From the order, "Defendant's argument, however, ignores the exception to the "useful article" rule, which grants copyright protection to nonfunctional, artistic elements of an automobile design that can be physically or conceptually separated from the automobile."

    If you really think this through, the fender of the car cannot be separated from the car as a stand-alone work -- the same for the hood, the driver's seat, the steering wheel, and so on. The only thing that could really be separated from the car as

  • by Anonymous Coward

    Doesn't this mean that all the automobile companies can now sue DC comics for drawing pictures of their cars?

    • by PortHaven (242123)

      And B.C. comics can sue the auto-makers for use of the invention of the wheel.

      IP leads to perpetual lawsuits.

  • by kawabago (551139) on Thursday February 02, 2012 @05:49PM (#38908357)
    You can't create a graphic novel with the same drawings of the same vehicle, that would be copyright infringement. Copyright does not extend to real world articles, that would mean copyrights have become patents, which protect ideas. Making a real world replica of a graphic novel image does not affect income from the graphic novel in any way except to increase it's visibility and thus it's value. Ideas were specifically not protected by copyright so people could use the ideas in exactly this way to create more art and more wealth for everyone.
    • If I had moderator points, I'd mod you up. This is definitely a transformative use [wikipedia.org] of the copyrighted material, and thus under Fair Use.

    • Copyright does not extend to real world articles, that would mean copyrights have become patents, which protect ideas.

      Before you rant - you really should read up on patents - try this link [wikipedia.org].

  • Every time I wanted to go to the 7-11 it would be 5 minutes of...

    Atomic batteries to power.
    - Check
    Turbines to speed.
    - Check

    • by Grygus (1143095)

      If you can't take the Rolls or send your manservant then you're not really committed to the idea.

  • by Bucky24 (1943328) on Thursday February 02, 2012 @06:18PM (#38908715)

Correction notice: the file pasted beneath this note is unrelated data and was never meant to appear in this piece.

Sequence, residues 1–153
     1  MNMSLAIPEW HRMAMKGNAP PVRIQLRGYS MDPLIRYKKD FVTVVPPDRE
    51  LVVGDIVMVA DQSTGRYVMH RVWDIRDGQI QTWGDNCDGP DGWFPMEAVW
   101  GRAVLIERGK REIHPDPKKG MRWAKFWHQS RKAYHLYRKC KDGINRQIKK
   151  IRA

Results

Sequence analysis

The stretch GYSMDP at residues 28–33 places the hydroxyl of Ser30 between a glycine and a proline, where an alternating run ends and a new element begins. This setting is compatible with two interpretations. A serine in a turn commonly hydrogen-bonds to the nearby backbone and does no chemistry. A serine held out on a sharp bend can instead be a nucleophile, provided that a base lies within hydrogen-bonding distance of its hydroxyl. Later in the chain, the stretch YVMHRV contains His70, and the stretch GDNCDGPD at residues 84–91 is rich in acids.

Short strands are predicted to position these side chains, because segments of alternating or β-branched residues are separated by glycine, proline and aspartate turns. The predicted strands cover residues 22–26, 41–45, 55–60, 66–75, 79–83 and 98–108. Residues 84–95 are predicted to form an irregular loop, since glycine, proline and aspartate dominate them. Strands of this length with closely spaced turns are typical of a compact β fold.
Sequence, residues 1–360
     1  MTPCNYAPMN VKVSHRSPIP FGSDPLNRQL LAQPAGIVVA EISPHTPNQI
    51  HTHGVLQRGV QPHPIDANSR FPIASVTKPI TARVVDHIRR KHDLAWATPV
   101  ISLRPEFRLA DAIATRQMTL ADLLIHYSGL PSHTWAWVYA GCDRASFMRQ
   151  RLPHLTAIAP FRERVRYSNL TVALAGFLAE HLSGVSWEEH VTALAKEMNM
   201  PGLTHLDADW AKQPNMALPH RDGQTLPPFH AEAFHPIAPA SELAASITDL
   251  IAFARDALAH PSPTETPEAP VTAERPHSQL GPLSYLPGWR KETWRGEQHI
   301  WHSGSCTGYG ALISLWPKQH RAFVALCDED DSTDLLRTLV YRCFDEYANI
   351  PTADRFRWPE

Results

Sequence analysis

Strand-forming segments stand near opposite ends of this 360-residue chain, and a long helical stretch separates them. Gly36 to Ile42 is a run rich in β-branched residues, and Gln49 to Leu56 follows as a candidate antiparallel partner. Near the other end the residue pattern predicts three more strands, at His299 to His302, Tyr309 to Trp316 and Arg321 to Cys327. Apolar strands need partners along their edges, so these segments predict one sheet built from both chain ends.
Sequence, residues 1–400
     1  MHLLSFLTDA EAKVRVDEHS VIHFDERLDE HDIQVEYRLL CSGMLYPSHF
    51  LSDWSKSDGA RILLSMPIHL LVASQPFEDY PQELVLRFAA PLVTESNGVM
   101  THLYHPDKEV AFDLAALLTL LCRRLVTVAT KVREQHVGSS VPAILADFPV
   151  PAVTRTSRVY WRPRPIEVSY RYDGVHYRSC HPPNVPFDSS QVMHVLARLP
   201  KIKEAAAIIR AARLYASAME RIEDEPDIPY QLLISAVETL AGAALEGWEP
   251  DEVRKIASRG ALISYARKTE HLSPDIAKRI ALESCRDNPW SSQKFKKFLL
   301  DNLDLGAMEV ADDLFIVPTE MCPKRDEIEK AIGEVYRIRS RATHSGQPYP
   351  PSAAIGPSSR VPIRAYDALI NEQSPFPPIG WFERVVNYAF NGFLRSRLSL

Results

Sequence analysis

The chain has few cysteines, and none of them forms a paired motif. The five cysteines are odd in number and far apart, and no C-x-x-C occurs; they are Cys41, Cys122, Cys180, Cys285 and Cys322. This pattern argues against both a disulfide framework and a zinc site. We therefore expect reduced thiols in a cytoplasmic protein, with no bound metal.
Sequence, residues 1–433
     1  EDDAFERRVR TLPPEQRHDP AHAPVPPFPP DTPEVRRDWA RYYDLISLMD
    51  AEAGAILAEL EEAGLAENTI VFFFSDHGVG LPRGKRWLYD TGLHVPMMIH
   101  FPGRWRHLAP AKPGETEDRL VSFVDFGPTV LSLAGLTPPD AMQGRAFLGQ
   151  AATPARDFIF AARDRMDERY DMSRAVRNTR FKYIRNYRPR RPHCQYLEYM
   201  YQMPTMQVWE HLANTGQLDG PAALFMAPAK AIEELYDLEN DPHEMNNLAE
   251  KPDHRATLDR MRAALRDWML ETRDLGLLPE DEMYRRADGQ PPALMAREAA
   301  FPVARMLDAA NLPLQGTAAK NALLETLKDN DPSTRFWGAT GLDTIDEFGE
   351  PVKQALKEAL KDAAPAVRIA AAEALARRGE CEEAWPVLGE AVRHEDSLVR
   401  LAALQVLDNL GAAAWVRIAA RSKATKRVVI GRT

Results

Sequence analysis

"Although, generally copyright law does not apply to "useful articles" such as autos."

    So we can download a car, if we really want to.
  • by PhinMak (630548) on Thursday February 02, 2012 @06:26PM (#38908817) Homepage Journal

    Factory Five [factoryfive.com] makes Shelby Cobra replicas. Carroll Shelby sued to get them to stop in 2000. He lost. He tried again recently for the coupe version. Lost again, with predjudice. Only major change I'm aware of as a consumer is that FactoryFive can't use the term "Cobra" to describe their product. Here's their celebratory press release. [factoryfive.com]

    Seems like Gothem Garage should review this case and maybe change their advertising.

  • DC Comics licensed one guy named Mark Racop to build these cars.

    Mark Towle however, made the prototype for the licensed Speed Racer Mach V that was sold some time back (based on a Corvette chassis.)

    Mark Towle does great work, his cars are really top notch!

    But, unfortunately DC Comics believes there's only room for one licensee for Batmobiles in the market.

    Making replica Futuras would be a great idea. But, that would be a very tiny market, even compared with Batmobiles.

    Towle does good work, many famous peopl

  • You know, I don't see DC Comics offering a life-size Batmobile replica.... yet. If they had plans to, this would be a wise exercise of their copyright.
    Hope springs eternal.
    However, this lawsuit seems to be the result of "intellectual property holders" being goons.